Agriculture
Watering the Air
Where Have All the Bees Gone?
Got Milk? How?
Amphibians
Toads
Salamanders
Tree Frogs
Animals
Awake at Night
Copybees
Living in the Desert
Behavior
Puberty gone wild
Giving Sharks Safe Homes
Math is a real brain bender
Birds
Emus
Storks
Swifts
Chemistry and Materials
Batteries built by Viruses
Hair Detectives
Toxic Dirt + Avian Flu = Science Fair Success
Computers
Look into My Eyes
The Earth-bound asteroid scientists saw coming
The Shape of the Internet
Dinosaurs and Fossils
Hunting by Sucking, Long Ago
Ferocious Growth Spurts
Dino Bite Leaves a Tooth
E Learning Jamaica
E Learning in Jamaica WIN PRIZES and try our Fun Animated Games
Results of GSAT are in schools this week
2014 GSAT Results for Jamaican Kids
Earth
Giving Sharks Safe Homes
Shrinking Glaciers
A Great Quake Coming?
Environment
Sea Otters, Kelp, and Killer Whales
The Wolf and the Cow
Will Climate Change Depose Monarchs?
Finding the Past
Stonehenge Settlement
A Big Discovery about Little People
Childhood's Long History
Fish
Seahorses
Lungfish
Saltwater Fish
Food and Nutrition
Eat Out, Eat Smart
Yummy bugs
A Pepper Part that Burns Fat
GSAT English Rules
Pronouns
Problems with Prepositions
Capitalization Rules
GSAT Exam Preparation Jamaica
The Annual GSAT Scholarships
GSAT Practice Papers | GSAT Mathematics | Maths
Preparing for the GSAT Exam
GSAT Exams Jamaica Scholarships
GSAT Practice Papers | GSAT Mathematics | Maths
GSAT Exam Preparation
42,000 students will sit for the GSAT Exam in two weeks
GSAT Mathematics
Math of the World
Detecting True Art
E Learning in Jamaica WIN PRIZES and try our Fun Animated Games
Human Body
Disease Detectives
Music in the Brain
Football Scrapes and Nasty Infections
Invertebrates
Scorpions
Grasshoppers
Scallops
Mammals
Bumblebee Bats
African Elephants
Pitbulls
Parents
How children learn
What Not to Say to Emerging Readers
Expert report highlights the importance to parents of reading to children!
Physics
Hold on to your stars, ladies and gentlemen
Thinner Air, Less Splatter
The Mirror Universe of Antimatter
Plants
Cactus Goo for Clean Water
Surprise Visitor
Making the most of a meal
Reptiles
Rattlesnakes
Garter Snakes
Gila Monsters
Space and Astronomy
A Puffy Planetary Puzzle
Baby Star
Pluto's New Moons
Technology and Engineering
Bionic Bacteria
Searching for Alien Life
Switchable Lenses Improve Vision
The Parts of Speech
Countable and Uncountable Nouns
What is a Noun
Pronouns
Transportation
Middle school science adventures
Morphing a Wing to Save Fuel
Revving Up Green Machines
Weather
Earth's Poles in Peril
Catching Some Rays
A Change in Climate
Add your Article

Carp

A carp is any of various freshwater fish of the family Cyprinidae. The common carp (Cyprinus carpio) is the most common and best-known species of carp. Carp have been spread widely and often illegally, and are now present in many countries outside of their natural range. Game and eating fish: Carp are a popular angling and eating fish in many countries. While tasty when grown in good water, carp can be riddled with small bones in unpredictable locations. Most carp have a fishy taste and are not considered to be good for eating in North America, although they are popular in restaurants in Japan and Taiwan where the fish are also considered to be signs of good fortune. Carp is a traditional Christmas Eve dish in the Czech Republic, Germany and Poland. Celebrated in some places: Carp have food and angling value that is celebrated in some parts of the world. The carp has not yet gained gamefish status in the U.S. and are considered garbage among bass fisherman. In Europe on the other hand they are a trophy fish and lake owners are prepared to pay as much as 4,000 or $7,500 dollars for 40lb carp if fisherman fish for them on a catch and release basis. Invasive species: Carp have attributes that allow them to be an invasive species - a species than invades and dominates new ecosystems with serious negative effects to the ecosystem and native fauna. The movement and introduction of Carp for frivolous reasons such as fishing should be not be tolerated. Problems from Carp invaders: Reports of Carp muddying waters and destroying water weed through their bottom-grubbing feeding habits are frequently reported after their introduction, and are often accurate. Such raised turbidity may have serious impacts on aquatic ecosystems and submergent macrophytes ("water weed"), and loss of submergent macrophytes may also have serious effects on fish and invertebrate species reliant on them for habitat. Australian Carp Problems: In Australia, where the dominant Carp strain was illegally introduced in the 1960s, there is overwhelming anecdotal evidence and mounting scientific evidence that Carp do indeed raise water turbidity, destroy a number of submergent macrophyte species, and consequently seriously impact upon aquatic ecosystems and native fish species dependent upon those submergent macrophytes. There is also mounting suspicion that overwhelming numbers of Carp larvae compete with native fish larvae for food.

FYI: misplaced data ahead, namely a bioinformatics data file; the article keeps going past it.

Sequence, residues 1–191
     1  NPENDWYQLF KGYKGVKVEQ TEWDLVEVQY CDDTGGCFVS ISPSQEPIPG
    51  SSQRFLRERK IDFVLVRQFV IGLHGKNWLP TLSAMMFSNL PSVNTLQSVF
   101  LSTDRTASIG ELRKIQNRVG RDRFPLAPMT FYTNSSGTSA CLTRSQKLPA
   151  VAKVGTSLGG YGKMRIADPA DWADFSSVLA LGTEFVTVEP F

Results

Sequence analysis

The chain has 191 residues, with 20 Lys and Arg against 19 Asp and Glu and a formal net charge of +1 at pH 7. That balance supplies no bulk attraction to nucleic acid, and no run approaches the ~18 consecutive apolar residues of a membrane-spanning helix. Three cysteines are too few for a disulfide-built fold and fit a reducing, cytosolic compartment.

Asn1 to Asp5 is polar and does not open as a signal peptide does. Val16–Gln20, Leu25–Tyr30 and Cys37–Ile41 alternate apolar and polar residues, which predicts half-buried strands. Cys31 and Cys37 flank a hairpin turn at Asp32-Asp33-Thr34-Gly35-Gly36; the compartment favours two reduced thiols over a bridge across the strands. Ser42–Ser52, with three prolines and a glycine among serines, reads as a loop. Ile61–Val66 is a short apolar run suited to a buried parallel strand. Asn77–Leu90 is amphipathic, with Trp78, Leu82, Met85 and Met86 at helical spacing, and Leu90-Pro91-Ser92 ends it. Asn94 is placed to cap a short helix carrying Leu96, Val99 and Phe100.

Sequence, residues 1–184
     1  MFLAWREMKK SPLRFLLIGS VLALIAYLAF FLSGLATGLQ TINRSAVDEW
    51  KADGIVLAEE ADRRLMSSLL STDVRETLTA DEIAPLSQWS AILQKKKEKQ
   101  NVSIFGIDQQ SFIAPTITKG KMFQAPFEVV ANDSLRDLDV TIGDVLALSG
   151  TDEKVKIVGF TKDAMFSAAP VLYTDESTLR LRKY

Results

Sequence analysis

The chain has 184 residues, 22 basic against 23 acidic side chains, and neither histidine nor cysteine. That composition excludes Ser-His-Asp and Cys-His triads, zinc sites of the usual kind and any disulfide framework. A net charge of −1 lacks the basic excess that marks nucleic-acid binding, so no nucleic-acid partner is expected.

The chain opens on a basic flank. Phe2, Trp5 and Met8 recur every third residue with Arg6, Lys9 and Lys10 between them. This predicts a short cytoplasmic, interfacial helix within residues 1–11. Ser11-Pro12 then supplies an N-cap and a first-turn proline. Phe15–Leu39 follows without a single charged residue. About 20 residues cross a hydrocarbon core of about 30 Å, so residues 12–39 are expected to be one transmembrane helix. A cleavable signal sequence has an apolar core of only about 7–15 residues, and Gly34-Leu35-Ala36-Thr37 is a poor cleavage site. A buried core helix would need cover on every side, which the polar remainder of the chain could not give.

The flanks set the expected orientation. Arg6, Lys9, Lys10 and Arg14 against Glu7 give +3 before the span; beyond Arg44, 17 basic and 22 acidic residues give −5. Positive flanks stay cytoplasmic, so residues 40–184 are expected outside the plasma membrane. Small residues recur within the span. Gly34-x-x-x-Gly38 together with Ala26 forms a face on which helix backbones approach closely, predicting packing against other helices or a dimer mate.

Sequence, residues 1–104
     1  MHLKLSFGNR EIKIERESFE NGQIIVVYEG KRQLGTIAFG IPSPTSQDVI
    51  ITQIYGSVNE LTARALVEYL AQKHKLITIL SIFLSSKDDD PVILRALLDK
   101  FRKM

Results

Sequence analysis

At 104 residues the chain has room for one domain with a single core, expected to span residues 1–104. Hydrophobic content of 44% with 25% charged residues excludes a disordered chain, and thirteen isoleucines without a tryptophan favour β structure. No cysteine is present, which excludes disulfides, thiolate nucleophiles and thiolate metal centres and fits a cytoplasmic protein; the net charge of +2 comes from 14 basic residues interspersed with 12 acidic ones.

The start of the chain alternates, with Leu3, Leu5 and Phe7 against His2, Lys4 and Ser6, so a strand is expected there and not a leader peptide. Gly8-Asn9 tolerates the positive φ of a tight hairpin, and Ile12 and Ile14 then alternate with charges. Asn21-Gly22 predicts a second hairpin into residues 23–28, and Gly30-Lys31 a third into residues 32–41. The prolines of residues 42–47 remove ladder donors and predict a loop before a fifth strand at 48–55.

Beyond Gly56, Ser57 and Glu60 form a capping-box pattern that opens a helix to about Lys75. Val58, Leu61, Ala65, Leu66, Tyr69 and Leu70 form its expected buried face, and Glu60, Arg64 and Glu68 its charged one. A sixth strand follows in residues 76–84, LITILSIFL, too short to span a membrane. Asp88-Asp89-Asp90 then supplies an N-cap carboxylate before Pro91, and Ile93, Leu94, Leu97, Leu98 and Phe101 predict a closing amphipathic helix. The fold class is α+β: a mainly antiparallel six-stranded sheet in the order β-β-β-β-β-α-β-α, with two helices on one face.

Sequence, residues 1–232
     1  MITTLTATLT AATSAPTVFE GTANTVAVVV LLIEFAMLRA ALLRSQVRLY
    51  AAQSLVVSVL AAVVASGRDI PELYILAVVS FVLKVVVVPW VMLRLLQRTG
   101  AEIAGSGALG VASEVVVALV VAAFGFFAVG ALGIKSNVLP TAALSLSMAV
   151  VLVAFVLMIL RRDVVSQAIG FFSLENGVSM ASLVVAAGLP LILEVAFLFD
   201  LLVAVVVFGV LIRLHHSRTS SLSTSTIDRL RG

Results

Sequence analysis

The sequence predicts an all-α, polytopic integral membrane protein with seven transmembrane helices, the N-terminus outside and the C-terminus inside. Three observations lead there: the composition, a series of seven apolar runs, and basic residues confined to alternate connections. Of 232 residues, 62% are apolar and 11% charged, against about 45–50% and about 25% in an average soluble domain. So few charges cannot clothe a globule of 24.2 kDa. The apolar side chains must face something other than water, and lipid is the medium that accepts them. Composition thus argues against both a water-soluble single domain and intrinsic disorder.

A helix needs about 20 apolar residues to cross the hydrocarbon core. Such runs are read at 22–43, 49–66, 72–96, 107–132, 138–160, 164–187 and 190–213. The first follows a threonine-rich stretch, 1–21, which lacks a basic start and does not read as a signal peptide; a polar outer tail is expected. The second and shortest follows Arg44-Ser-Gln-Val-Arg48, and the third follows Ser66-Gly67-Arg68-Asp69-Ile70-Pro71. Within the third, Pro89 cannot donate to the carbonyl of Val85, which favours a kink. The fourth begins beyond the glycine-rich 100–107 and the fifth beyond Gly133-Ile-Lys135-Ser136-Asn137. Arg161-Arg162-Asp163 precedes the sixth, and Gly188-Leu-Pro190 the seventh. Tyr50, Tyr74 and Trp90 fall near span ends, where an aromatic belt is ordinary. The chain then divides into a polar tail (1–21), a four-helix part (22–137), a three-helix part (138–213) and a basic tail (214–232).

Carp
Carp








Designed and Powered by HBJamaica.com™